A congratulatory postcard, on this occasion, means more than dollars and cents to Lloyd Henry.
He collected the card at Bog Walk Post Office a few days ago for his mother, Dorris Cooke, better known as Miss Dorris, who turned 106 years old on August 27.
Queen Elizabeth II sent the centenarian the postcard, congratulating her for attaining such age and wishing her well.
“It gives me great pleasure to send you my sincere congratulations and best wishes on the occasion of your one hundred and sixth birthday,” said the postcard, which bears The Queen’s signature and a photo of her beaming a broad smile.
Lloyd stated that, although his mother is bedridden and is at times slow to comprehend, he took the postcard to her and explained that it was sent by The Queen.
“Sometimes putting words together is better than money,” he told The Beacon. “I feel very proud getting it (the postcard) from the post office the other day. Maybe my mother doesn’t comprehend all of it, but it was a blessing hearing The Queen bigging her up.”
Lloyd added that, earlier this year, Governor General Sir Patrick Allen sent his mother a letter commemorating her milestone.
Miss Dorris, a member of the baptist church, is the oldest person in her family and at Magazine Lane in Bog Walk, St. Catherine.
She originally is from Bonnett district in Guy’s Hill, St. Mary, where she also attended elementary school.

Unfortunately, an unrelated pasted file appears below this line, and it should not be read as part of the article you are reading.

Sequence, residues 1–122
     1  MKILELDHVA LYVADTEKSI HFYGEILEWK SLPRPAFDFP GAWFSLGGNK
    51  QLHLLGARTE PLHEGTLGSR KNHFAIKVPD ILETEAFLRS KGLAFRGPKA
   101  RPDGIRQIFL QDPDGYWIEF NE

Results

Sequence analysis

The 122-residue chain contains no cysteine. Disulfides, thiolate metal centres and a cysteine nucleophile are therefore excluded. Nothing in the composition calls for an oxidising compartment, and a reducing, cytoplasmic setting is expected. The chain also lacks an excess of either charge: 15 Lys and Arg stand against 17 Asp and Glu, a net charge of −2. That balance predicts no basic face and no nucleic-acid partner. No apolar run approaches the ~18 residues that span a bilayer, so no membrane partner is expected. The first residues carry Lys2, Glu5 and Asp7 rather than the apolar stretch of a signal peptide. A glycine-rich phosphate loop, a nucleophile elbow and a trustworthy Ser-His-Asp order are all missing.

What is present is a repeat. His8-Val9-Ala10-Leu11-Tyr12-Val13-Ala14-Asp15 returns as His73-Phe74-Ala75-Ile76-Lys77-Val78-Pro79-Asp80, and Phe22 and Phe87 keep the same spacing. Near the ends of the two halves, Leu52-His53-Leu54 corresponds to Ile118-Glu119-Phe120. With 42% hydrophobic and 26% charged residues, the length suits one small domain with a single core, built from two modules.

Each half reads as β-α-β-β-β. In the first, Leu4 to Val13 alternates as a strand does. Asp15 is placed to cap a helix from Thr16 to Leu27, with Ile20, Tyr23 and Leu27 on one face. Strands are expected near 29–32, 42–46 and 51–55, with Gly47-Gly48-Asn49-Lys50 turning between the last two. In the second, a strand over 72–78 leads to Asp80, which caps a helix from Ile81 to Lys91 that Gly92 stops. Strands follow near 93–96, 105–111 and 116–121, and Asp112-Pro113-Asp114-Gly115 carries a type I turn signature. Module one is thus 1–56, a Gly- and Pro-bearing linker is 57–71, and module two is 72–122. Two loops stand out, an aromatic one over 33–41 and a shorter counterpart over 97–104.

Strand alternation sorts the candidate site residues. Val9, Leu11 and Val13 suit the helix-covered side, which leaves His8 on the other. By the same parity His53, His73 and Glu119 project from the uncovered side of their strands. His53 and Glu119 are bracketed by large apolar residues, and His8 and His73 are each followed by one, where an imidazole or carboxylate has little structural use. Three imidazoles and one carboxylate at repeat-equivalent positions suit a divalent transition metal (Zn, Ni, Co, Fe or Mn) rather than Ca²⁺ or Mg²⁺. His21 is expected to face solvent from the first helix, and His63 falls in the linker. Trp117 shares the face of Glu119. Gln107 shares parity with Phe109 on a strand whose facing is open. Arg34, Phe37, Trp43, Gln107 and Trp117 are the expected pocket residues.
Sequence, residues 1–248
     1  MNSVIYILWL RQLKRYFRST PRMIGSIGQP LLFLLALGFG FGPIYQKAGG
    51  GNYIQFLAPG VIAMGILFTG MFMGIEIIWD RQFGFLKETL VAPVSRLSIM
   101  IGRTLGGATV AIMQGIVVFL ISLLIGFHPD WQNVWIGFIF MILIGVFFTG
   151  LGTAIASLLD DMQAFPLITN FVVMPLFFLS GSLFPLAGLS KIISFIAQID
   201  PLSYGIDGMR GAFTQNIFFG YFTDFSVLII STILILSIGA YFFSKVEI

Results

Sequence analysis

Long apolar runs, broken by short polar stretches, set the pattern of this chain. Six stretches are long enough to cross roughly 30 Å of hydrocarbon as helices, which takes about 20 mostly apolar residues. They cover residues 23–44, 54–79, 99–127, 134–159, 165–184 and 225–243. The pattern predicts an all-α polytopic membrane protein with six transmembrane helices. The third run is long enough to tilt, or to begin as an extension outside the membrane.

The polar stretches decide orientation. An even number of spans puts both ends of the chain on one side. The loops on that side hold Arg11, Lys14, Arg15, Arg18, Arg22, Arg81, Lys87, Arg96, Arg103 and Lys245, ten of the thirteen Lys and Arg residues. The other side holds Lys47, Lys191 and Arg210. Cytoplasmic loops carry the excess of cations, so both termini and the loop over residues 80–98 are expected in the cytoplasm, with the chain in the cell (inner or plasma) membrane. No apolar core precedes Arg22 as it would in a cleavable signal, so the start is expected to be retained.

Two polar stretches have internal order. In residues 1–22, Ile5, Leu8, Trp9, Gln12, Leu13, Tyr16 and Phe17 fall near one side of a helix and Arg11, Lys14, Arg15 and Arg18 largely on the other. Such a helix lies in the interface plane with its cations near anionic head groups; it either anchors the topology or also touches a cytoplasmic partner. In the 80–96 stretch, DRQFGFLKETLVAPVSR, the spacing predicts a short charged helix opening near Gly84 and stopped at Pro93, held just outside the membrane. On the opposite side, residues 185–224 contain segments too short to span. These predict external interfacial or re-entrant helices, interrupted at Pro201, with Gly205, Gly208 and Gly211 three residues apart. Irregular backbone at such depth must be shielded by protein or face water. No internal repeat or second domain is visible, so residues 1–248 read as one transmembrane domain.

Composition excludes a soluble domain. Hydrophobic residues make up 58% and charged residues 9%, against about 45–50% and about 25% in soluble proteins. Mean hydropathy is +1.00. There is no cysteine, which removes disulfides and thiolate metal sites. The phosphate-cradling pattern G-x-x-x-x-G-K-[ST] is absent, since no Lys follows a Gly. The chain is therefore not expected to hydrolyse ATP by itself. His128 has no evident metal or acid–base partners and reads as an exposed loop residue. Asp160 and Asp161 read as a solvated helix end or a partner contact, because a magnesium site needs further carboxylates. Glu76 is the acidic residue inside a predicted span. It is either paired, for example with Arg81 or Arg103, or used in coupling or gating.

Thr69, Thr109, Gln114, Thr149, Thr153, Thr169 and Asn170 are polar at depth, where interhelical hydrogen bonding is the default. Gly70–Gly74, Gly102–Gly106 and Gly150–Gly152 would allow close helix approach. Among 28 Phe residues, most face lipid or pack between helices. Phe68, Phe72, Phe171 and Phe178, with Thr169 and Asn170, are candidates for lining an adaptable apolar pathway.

Miss Dorris grew up with a foster family as well as her biological relatives, Lloyd said. He added that his mother recounted her childhood years having to tie out animals to graze and pick up rat cut coffee that eventually was sold in the market.
Miss Dorris migrated to Bog Walk decades ago, following in the footsteps of her only sibling Ruby Lynch, who was 96 years old when she died in 2014.
Miss Dorris’ husband, Isaac Henry, who was from Bog Walk, passed away just over two decades ago.
The centenarian did domestic work in the Bog Walk area to eke out a living for herself and her children. She has 11 children, eight of whom are still alive. They include Pauline Henry, whose twin sister died in childhood.
“God has been good to my mother; she is a loving and kind lady,” Pauline told The Beacon. “When you do anything for her, she is always telling you thanks. If you put food in her mouth, you have to tell her chew it out before saying thanks… She doesn’t talk a lot; she doesn’t smile a lot, but she is very pleasant although she gets miserable when the pain is on her.”
Pauline further stated that her mother ensured that her children were schooled, notwithstanding financial difficulties she faced.
She also made sure that her children could help themselves especially in the kitchen, Lloyd said.
“Our mother was strict; she didn’t take nonsense. She grew us in the right way. She grew us with no riches. But, as poor as we were in those days, it was good living with each other and I bless the Lord for how our mother grew us up. Those are quality moments that we will never forget,” Lloyd further commented.
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